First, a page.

Sonia Munir is a doctoral student from Karachi University. She has published more than 8 papers in reputed and impact factor journals and has participated for international conference, Korea, Greece, UK, Oman. She has been four times travel awardees for research support for USA (2008), for conferences (2010, 2012 and 2013).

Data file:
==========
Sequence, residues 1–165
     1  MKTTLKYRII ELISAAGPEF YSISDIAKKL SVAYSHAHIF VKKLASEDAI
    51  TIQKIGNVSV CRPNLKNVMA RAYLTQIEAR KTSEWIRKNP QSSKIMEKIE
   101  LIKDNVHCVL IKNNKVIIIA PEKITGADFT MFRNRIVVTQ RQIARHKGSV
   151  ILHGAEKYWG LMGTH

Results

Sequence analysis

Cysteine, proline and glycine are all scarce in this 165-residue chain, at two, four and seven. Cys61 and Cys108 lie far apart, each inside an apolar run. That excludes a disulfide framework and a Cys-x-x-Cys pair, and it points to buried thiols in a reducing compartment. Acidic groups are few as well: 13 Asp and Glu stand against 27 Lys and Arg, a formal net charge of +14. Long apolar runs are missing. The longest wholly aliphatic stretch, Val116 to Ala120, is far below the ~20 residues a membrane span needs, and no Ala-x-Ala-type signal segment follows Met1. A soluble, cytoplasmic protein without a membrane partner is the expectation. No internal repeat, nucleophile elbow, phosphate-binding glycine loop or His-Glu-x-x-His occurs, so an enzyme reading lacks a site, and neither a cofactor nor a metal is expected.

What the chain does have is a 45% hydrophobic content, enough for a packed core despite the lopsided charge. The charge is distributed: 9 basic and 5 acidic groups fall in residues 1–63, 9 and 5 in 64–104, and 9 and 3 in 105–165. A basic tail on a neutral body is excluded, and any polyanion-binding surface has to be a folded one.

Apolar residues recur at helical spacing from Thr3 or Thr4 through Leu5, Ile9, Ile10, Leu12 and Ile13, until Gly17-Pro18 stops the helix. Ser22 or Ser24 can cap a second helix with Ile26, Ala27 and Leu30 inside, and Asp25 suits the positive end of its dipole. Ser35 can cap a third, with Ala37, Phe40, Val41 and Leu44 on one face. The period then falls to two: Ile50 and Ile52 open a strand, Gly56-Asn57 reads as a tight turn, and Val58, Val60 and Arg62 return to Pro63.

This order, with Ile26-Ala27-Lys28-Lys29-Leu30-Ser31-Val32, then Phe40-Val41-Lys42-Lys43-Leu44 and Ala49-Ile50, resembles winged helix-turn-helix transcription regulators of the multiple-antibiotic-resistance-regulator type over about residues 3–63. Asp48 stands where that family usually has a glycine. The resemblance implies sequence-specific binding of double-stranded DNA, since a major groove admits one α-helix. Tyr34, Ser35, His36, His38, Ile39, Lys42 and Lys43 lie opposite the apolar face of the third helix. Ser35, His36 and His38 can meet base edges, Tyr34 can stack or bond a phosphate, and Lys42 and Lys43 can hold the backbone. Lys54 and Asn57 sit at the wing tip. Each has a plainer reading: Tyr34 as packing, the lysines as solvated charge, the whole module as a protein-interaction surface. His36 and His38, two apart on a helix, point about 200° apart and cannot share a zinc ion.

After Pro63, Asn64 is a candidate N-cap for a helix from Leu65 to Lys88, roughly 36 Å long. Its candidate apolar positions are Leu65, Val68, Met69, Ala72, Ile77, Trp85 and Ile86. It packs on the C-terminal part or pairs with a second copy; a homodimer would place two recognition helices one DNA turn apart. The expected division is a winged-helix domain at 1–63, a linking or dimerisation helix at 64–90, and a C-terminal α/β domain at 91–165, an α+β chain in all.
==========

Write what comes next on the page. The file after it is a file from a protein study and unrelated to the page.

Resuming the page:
Blooms of toxic marine dinoflagellates are increasing in frequency, intensity and geographic distribution throughout the world affecting humans and marine life. It is a naturally occurring phenomenon; not caused by human and human cannot control it. Assessment of species composition, occurrence and quantitative distribution of potentially harmful species is a very important part of their ecological studies. Potentially toxic species, fish-killing species, and bloom-forming species were examined which previously not known. Gyrodinium sp. was the major HAB species detected with highest cell densities (48166 cells L-1), Scrippseilla trochoidea (1150 cells L-1), and toxic species Alexandrium ostenfeldii (3000 cells L-1) and Dinophysis caudata (393 cells L-1). Carbon estimates ranged from 0.33-77.42 μg CL-1. About 20-45 μm size dinoflagellates contributed to high carbon biomass from 0.04 to 77.4 μg CL-1 and 45-60 μm had low carbon biomass 0.04 to 6.80 μg CL-1 and cells having 100-150 μm had carbon biomass ranged from 0.01 to 1.86 μg CL-1; cell sizes between 200-450 μm had carbon biomass ranging from 0.19 to 3.0 μg CL-1. In situ growth rates of Prorocentrum species recorded as μ: 1.0–1.10 d–1), Protoperidinium steinii (0.92 d–1), Gonayualax spinifera (0.69 d–1), D. acuminata (2.3 d–1), D. caudata (0.92 d–1), Gyrodinium sp (1.88 d–1), C. furca (1.70 d–1) and Alexandrium ostenfeldii (1.34 d–1). Low growth of S. trochoidea (-1.61 to -0.82 d–1) and Karenia mikimotoi (-2.48 d–1) were observed.